Over 3,000 people turned out in Castleblaney, Co Monaghan, today for the unveiling of a sculpture of country music star Big Tom McBride.

Fans of the star, who passed away last April, travelled from all over the country to see the statue created by English sculptor Mark Richards.

The plan to erect the sculpture was put in place a year before his death.

His son, Tom McBride Jnr, said he was a reluctant subject for the sculptor but the family were delighted with the image that had been produced, and hoped his many friends and fans from around the country and overseas could see his lasting image. 

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The larger-than-life sculpture was unveiled by President Michael D Higgins this afternoon as part of the Castleblayney Celebrates Big Tom Festival.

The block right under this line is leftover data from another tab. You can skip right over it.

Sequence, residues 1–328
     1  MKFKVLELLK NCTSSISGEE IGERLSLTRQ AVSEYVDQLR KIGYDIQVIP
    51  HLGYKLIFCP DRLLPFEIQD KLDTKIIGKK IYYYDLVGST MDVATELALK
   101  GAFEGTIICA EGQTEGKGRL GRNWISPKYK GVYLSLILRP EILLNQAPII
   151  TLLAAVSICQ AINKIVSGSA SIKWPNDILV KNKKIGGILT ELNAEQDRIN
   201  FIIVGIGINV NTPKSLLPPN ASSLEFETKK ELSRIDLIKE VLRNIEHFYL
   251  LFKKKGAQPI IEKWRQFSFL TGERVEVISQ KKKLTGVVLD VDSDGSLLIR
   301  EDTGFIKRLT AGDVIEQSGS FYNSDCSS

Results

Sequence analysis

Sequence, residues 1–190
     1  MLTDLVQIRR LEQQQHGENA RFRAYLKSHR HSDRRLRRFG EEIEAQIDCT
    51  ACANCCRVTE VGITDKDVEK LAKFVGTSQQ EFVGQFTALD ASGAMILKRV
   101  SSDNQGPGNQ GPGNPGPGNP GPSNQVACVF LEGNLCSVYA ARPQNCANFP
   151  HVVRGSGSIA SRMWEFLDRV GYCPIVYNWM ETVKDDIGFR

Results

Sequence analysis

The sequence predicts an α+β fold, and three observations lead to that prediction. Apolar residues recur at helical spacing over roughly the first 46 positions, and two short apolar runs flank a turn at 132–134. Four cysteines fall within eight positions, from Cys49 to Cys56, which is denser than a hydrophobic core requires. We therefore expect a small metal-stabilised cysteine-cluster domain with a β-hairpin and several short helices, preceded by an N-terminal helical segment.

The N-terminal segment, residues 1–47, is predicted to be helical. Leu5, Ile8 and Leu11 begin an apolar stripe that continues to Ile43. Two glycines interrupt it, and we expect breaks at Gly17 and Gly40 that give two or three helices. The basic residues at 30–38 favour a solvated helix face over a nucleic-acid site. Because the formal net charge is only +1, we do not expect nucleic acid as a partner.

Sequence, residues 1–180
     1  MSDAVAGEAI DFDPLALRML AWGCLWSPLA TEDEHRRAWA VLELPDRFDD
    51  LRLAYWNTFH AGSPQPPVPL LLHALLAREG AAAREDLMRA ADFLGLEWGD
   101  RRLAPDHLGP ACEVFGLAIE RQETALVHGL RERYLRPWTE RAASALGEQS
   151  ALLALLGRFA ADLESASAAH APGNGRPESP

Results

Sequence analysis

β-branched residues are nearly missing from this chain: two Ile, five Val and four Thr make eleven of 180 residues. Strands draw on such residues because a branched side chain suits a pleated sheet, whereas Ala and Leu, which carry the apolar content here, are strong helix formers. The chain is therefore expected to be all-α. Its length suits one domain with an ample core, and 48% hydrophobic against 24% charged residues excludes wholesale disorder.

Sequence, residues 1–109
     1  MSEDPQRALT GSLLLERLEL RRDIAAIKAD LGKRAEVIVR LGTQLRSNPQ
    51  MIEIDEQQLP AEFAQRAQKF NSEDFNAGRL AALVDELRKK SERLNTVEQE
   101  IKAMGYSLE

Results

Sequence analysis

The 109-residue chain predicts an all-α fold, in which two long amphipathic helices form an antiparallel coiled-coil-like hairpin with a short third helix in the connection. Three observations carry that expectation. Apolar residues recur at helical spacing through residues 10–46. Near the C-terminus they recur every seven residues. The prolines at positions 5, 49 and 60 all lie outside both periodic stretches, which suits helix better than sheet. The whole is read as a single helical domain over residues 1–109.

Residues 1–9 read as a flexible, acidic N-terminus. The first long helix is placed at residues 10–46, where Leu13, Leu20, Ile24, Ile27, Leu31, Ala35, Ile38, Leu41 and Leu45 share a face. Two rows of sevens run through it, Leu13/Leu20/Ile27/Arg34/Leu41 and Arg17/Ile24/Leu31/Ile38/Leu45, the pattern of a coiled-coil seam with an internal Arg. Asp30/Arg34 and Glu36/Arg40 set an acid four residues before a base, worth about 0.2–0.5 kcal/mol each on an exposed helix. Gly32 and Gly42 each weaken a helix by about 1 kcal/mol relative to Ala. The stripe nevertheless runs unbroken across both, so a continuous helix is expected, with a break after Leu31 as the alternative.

Members of the McBride family had already seen the commissioned sculpture in Mr Richards' studio in England.

Dermot McBride travelled over to meet the sculptor and family members had spoken of their satisfaction with the work.

Big Tom statue
The larger-than-life statue of Big Tom McBride (Pic: Taine King)

McBride and his band, The Mainliners, appeared on RTÉ's The Showband Show in 1966 with Gentle Mother, a song that became a huge hit, establishing them at the forefront of the Irish country scene.

They were huge stars in the 60s and 70s, packing out ballrooms around the country and McBride became known as "The King" of Irish country music.

He was also known for songs such as Four Country Roads and Back to Castleblayney.

The Monaghan man was the first inductee into the Irish Country Music Awards Hall of Fame on RTÉ One in June 2016.